Public confidence in the auditing profession in Singapore
Chu, Stephen Sie Pui
Date of Issue1993
College of Business (Nanyang Business School)
Public confidence is fundamental for the existence of auditors. Recent spectacular business failures in the US and UK have sparked off a confidence crisis in the auditing profession in these countries. This study addresses the issue of public confidence in Singapore by investigating whether the confidence crisis overseas has proliferated to Singapore. A questionnaire survey of financial and credit analysts and tax assessment officers revealed that the public confidence in Singapore is 3.74 on a scale of 1 to 5. This finding can be adequately explained by the proposed framework of public confidence which comprises five determinants - regulation, auditing methodology, auditors' qualities, expectation gap and recession. The mechanisms of these determinants were illustrated with real world phenomena. Although the empirical study revealed that the auditing methodology and the qualities necessary for conducting an audit in Singapore are considered fairly adequate, expectation gaps with respect to auditors' duties and qualities exist. Finally, potential problems were identified with reference to the framework and several measures were recommended to counteract both existing and potential problems in order to enhance and maintain public confidence in the profession in Singapore. In today's complex and dynamic business environment, the profession must be vigilant and implement appropriate measures to keep itself relevant in order to serve public interests in the best possible manner and maintain public confidence in the profession.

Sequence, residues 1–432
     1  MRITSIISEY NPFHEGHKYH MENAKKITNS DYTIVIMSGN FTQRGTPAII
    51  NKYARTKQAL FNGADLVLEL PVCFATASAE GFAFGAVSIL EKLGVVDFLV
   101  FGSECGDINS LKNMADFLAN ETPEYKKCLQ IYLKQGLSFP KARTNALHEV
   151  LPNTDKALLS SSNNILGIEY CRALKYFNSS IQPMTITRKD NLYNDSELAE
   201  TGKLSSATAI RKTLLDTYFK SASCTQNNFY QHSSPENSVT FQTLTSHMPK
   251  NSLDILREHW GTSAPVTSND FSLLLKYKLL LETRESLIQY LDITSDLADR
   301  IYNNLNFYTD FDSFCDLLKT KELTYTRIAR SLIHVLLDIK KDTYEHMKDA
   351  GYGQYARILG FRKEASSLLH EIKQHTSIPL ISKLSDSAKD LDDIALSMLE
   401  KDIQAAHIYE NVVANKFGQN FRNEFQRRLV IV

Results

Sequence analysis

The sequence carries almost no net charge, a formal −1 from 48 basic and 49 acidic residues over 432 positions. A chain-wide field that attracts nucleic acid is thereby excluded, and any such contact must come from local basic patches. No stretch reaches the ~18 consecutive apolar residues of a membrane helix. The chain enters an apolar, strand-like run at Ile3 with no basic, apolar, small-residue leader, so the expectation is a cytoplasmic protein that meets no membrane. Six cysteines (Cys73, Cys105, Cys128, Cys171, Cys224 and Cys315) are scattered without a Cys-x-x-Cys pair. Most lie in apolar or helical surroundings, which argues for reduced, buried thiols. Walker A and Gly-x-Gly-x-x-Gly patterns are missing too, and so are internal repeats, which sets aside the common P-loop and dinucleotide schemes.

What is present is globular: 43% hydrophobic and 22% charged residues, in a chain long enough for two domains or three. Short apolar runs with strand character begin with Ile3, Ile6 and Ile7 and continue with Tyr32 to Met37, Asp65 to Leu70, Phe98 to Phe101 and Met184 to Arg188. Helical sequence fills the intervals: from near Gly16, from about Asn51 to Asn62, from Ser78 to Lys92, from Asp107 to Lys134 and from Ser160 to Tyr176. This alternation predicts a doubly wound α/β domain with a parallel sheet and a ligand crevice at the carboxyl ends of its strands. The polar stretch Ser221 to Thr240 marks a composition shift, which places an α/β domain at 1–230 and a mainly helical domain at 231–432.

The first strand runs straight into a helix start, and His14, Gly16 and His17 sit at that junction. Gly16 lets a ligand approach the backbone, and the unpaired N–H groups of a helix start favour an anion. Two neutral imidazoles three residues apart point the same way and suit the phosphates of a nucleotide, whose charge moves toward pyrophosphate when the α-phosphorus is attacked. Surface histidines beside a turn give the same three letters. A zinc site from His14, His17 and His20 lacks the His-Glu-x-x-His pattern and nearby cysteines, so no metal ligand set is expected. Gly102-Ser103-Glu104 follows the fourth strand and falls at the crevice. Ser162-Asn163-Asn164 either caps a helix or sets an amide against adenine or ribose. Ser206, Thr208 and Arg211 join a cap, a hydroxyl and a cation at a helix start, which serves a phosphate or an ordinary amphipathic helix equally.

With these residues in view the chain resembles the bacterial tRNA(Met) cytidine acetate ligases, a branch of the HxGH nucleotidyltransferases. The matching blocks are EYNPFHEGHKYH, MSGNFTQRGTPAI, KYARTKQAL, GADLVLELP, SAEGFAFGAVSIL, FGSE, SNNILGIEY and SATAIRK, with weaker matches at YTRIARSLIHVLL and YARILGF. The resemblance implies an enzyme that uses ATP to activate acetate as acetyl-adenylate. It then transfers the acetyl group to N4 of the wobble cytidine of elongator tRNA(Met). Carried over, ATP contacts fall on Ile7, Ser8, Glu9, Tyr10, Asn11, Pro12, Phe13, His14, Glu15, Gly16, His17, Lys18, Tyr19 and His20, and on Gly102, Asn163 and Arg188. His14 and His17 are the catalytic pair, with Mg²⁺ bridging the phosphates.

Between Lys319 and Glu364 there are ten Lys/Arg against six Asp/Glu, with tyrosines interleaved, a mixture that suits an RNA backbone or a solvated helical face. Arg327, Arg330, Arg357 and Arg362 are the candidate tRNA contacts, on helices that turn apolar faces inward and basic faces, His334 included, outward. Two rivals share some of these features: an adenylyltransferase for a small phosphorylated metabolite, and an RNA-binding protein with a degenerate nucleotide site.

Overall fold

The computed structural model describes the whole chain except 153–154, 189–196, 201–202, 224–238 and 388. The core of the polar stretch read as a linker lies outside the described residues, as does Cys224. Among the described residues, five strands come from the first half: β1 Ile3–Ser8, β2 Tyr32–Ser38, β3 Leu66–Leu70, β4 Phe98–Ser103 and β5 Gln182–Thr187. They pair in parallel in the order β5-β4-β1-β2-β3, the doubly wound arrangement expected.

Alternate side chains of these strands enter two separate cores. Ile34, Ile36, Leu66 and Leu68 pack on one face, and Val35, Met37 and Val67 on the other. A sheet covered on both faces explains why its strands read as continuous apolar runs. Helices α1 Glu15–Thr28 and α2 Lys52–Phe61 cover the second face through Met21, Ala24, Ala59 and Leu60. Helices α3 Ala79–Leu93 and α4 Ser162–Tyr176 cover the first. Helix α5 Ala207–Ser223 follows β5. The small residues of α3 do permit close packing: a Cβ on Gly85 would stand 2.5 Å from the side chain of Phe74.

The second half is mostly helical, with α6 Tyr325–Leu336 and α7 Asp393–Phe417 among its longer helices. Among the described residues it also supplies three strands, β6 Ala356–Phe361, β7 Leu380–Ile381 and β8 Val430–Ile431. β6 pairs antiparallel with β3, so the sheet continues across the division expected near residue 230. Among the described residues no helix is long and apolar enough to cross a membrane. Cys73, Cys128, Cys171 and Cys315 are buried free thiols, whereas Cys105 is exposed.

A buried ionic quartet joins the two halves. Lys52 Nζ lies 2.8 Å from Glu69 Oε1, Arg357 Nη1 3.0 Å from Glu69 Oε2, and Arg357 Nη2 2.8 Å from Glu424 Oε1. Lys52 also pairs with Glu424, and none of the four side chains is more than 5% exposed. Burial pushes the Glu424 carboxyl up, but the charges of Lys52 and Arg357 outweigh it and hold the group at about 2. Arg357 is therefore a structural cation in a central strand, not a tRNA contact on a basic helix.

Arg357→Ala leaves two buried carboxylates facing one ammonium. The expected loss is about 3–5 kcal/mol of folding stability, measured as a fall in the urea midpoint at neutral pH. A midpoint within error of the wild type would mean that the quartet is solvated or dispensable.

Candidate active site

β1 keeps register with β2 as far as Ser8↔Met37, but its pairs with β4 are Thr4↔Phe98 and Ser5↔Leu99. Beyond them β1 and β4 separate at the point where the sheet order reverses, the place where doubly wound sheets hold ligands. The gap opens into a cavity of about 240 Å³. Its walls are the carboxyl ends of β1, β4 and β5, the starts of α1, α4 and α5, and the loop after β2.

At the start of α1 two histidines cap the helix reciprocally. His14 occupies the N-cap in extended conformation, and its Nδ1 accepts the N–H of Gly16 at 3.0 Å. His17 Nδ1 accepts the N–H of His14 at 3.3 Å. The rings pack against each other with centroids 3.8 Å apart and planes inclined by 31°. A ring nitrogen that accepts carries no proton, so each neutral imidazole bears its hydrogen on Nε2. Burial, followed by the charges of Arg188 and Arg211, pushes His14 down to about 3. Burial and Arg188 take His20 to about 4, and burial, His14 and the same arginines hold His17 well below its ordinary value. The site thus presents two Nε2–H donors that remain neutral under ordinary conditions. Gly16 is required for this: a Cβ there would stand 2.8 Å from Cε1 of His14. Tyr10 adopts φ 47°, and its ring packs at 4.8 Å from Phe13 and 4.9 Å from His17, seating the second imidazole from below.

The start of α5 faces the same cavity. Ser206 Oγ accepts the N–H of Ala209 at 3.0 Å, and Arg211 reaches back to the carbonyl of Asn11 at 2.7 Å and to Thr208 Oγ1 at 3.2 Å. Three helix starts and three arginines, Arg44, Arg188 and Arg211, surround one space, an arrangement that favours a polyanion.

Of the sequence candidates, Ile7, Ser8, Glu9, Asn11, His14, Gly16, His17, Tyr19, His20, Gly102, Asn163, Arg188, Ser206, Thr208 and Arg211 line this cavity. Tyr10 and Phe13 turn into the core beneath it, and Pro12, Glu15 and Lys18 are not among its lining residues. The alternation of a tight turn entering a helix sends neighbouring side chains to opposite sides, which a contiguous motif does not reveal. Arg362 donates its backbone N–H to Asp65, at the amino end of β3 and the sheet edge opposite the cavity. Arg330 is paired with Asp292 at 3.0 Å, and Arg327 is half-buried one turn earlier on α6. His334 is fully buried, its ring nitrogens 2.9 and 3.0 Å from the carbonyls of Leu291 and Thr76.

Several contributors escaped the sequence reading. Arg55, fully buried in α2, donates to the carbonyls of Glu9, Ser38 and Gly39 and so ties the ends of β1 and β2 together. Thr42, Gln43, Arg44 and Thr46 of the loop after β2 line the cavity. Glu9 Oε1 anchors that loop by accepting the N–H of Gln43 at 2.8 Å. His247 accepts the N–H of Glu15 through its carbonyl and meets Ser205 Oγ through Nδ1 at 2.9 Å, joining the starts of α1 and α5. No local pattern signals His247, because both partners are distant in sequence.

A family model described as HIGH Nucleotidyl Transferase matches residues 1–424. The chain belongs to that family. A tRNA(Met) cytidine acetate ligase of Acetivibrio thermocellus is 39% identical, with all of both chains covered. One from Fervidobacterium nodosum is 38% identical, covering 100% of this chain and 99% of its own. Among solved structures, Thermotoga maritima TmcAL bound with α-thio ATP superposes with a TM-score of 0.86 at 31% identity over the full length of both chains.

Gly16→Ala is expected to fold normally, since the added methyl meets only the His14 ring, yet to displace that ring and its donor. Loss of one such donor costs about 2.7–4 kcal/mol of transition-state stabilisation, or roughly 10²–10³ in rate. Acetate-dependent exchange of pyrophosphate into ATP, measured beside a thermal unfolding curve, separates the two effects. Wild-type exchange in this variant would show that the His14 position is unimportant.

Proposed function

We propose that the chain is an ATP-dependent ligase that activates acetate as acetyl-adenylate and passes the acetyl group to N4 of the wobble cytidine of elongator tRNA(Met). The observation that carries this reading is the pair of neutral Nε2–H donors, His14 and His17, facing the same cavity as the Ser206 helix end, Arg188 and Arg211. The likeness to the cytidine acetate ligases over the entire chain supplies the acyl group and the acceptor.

Final Year Project (FYP)
Nanyang Technological University